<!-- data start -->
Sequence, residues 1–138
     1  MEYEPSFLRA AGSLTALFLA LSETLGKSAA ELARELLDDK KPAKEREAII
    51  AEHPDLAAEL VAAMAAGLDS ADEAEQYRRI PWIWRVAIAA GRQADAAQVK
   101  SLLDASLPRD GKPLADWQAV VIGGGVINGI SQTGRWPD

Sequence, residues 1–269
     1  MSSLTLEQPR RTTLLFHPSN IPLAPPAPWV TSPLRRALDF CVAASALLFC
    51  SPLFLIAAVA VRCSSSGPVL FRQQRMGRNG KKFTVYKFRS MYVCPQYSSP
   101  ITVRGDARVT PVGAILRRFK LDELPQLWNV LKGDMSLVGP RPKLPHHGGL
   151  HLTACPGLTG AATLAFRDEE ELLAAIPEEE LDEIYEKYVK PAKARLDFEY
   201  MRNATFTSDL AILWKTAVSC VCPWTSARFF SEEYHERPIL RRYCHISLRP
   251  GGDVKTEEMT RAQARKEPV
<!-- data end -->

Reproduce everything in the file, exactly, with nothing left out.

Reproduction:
Sequence, residues 1–138
     1  MEYEPSFLRA AGSLTALFLA LSETLGKSAA ELARELLDDK KPAKEREAII
    51  AEHPDLAAEL VAAMAAGLDS ADEAEQYRRI PWIWRVAIAA GRQADAAQVK
   101  SLLDASLPRD GKPLADWQAV VIGGGVINGI SQTGRWPD

Sequence, residues 1–269
     1  MSSLTLEQPR RTTLLFHPSN IPLAPPAPWV TSPLRRALDF CVAASALLFC
    51  SPLFLIAAVA VRCSSSGPVL FRQQRMGRNG KKFTVYKFRS MYVCPQYSSP
   101  ITVRGDARVT PVGAILRRFK LDELPQLWNV LKGDMSLVGP RPKLPHHGGL
   151  HLTACPGLTG AATLAFRDEE ELLAAIPEEE LDEIYEKYVK PAKARLDFEY
   201  MRNATFTSDL AILWKTAVSC VCPWTSARFF SEEYHERPIL RRYCHISLRP
   251  GGDVKTEEMT RAQARKEPV